Angola, Cabinda: Priest and two lawyers arrested
Publico newspaper in Portugal has reported that two lawyers and a priest have been detained in Cabinda. All three are known for their open views on Cabindan self-determination. Lawyer, Francisco Luemba, was arrested in the early hours of Sunday when police detectives arrived at his house with an arrest warrant at 06:00 in the morning, local time. Luemba, who was taken away, is the author of a book published last year about the local population's pro-independence sentiments. Luamba's son, Joao told the Publico newspaper that the detectives came back some time later, searched the house and took away documents after which they headed for the lawyer's law chambers.
Former Vicar-General of the diocese of Cabinda, Raul Tati, who has long been a sympathiser of the pro-independence part of the population was arrested on Satuday evening and charged with crimes against the state. His lawer, Martinho Nombo, was arrested soon afterwards, after informing the Portuguese news agency, Lusa, about the arrest of the priest. Contacted by Lusa, the former leader of the main faction of the pro-independence movement FLEC, Antonio Bento Bembe, now a minister without portfolio in the Angolan government, refused to comment on the arrests.
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Amnesty International has warned the Angolan authorities against a crackdown on human rights activists after several were detained in the Cabinda region in the wake of the 8 January attack on the Togolese national football team. Francisco Luemba, a prominent lawyer and former member of banned human rights organization Mpalabanda, was arrested on 17 January and charged with crimes against the state in connection with the 2008 publication of a book which the authorities now allege incites violence and rebellion.
Padre Raul Tati, a catholic priest, was arrested on 16 January and charged with the same offence, while Belchoir Lanso Tati, another former member of Mpalabanda, was arrested on 13 January, also on suspicion of crimes against the state. Both Padre Tati and Belchoir have been outspoken about the political tensions in Cabinda, where the Front for the Liberation of the Cabindan Enclave (FLEC) have been leading an armed campaign for the secession of the territory, since Angola's independence in 1975.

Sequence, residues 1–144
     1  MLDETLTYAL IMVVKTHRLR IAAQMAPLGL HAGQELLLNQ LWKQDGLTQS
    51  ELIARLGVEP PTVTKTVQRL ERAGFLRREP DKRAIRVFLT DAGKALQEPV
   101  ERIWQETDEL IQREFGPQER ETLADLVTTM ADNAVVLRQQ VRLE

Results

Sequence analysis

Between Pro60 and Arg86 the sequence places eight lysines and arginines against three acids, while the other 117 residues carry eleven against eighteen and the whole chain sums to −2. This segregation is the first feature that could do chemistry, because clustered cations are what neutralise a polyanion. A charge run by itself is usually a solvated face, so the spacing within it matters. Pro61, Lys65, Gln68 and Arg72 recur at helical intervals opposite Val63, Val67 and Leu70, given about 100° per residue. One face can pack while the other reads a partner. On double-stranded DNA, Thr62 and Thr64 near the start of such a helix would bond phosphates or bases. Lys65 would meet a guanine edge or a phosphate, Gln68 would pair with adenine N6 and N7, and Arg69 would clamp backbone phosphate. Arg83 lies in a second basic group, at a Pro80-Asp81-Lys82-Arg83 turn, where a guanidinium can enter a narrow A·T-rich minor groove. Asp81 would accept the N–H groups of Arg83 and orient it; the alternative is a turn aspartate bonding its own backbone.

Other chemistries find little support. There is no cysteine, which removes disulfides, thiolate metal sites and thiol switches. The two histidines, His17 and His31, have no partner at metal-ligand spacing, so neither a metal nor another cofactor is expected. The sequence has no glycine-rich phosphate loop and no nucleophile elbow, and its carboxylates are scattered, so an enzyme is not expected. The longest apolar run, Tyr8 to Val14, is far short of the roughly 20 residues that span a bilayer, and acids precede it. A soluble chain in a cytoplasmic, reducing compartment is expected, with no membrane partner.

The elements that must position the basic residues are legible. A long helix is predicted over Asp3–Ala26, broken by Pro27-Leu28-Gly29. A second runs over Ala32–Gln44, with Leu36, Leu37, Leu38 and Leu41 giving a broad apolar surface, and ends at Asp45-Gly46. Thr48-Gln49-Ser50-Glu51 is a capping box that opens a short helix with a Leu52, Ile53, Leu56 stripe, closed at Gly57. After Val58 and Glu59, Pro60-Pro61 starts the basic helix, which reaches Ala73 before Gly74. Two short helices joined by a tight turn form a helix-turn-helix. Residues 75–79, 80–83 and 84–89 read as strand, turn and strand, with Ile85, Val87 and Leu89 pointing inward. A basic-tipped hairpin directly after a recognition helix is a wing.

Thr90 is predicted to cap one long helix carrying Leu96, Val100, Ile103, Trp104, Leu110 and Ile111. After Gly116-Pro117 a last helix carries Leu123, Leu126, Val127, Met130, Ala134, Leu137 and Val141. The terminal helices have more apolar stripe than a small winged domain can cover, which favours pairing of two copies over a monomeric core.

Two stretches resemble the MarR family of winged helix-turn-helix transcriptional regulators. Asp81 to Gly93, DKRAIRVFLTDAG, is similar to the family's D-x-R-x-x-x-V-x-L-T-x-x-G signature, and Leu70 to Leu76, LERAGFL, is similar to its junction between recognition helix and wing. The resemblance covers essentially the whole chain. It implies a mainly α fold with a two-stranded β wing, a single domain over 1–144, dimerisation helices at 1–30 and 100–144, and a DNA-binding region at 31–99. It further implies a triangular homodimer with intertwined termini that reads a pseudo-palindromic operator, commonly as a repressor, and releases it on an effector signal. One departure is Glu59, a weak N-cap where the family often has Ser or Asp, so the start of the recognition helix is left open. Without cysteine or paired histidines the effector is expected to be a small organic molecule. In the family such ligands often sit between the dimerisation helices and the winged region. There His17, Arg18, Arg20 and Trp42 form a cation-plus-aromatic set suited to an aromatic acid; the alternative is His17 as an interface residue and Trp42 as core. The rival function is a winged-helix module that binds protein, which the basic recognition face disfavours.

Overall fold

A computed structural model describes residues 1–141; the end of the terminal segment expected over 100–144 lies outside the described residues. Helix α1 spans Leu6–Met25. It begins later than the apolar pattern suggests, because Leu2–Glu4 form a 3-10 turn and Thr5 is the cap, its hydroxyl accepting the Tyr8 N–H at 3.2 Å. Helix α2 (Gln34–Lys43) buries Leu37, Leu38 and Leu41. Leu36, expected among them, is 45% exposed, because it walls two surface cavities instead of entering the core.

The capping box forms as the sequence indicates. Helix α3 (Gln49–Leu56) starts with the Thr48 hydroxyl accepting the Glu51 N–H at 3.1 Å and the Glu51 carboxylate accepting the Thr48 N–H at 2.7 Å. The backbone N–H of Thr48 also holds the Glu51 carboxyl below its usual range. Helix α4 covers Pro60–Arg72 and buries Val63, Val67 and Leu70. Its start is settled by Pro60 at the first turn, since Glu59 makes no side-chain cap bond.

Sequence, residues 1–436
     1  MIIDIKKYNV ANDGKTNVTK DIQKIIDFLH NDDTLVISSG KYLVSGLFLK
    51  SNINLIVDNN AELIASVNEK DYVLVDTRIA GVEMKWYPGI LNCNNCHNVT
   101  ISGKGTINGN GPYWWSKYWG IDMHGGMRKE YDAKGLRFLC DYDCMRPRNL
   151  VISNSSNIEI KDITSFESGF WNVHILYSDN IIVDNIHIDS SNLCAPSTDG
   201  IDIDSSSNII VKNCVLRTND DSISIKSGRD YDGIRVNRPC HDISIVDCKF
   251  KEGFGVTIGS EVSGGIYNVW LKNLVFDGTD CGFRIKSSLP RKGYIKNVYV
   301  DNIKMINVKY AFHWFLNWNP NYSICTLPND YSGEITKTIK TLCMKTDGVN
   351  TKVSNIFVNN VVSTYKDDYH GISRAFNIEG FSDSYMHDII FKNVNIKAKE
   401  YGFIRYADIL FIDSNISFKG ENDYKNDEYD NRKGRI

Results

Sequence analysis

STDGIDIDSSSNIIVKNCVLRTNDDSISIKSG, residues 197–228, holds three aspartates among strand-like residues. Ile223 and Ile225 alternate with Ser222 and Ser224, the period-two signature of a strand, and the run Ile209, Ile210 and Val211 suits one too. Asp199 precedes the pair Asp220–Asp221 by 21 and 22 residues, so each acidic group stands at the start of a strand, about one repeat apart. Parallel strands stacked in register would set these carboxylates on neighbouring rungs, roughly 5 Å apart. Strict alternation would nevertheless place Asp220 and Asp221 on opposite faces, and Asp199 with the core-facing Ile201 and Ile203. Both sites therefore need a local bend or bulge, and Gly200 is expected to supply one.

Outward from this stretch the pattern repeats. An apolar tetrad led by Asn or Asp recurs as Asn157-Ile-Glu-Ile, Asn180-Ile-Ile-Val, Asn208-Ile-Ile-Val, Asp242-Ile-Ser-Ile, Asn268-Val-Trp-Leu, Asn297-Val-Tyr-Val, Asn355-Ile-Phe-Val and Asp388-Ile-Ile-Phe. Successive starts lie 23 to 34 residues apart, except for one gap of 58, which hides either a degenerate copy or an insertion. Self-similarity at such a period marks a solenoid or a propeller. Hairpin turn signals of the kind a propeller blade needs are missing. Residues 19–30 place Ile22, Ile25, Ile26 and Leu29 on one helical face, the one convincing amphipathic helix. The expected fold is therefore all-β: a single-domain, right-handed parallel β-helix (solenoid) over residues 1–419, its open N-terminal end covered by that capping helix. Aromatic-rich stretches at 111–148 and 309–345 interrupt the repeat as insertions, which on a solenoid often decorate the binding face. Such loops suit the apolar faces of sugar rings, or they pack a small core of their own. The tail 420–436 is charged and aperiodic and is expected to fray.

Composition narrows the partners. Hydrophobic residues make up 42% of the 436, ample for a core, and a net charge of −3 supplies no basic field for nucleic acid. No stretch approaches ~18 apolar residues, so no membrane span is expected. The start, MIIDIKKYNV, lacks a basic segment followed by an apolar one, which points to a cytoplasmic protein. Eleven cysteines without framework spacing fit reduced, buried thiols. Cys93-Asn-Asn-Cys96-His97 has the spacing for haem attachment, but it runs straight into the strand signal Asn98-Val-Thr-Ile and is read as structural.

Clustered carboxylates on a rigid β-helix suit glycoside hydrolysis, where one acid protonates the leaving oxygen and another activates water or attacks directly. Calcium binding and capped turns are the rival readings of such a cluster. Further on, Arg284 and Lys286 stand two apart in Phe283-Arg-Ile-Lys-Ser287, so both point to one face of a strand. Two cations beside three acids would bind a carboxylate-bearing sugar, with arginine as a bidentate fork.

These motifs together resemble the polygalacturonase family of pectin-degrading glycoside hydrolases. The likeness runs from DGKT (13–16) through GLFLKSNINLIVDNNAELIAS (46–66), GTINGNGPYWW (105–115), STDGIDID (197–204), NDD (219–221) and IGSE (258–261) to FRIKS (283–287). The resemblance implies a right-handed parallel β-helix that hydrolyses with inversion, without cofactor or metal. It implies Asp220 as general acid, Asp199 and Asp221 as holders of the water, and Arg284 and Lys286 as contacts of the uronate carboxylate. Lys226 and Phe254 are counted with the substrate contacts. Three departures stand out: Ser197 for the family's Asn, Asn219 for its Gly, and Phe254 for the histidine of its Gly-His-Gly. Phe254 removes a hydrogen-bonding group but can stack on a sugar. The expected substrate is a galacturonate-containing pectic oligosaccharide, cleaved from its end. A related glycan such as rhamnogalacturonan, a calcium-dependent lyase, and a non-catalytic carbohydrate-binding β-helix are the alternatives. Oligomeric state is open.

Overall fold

Two Togolese football officials and an Angolan driver were killed on 8 January when gunmen opened fire on the Togolese football team as they travelled by bus through the province of Cabinda. FLEC has claimed responsibility for the attacks on the footballers, who were on their way to participate in the Africa Cup of Nations which is taking place in Angola. "Amnesty International calls on the government to ensure that this deplorable incident is not used as an excuse to violate the rights of citizens in Cabinda through arbitrary arrests and detentions or any form of cruel, inhuman or degrading treatment," said Erwin Van Der Borght, Africa Director.
The organization calls on the Angolan authorities to ensure that a thorough and impartial investigation into the circumstances surrounding the attacks is carried out in accordance with international human rights standards. Those found to be responsible for the attacks should be brought to justice in a trial meeting international human rights standards for a fair trial. Mpalabanda, the only human rights organization previously operating in Cabinda, was banned in 2006 following charges that the organization incited violence and hatred. The organization had been involved in the documentation of human rights violations committed by both the government and members of the Front for the Liberation of the Cabindan Enclave (FLEC).
Cabinda is a sliver of land between the Democratic Republic of Congo and the Republic of Congo. The region is internationally recognized as part of Angola and produces a substantial part of the country’s oil exports.
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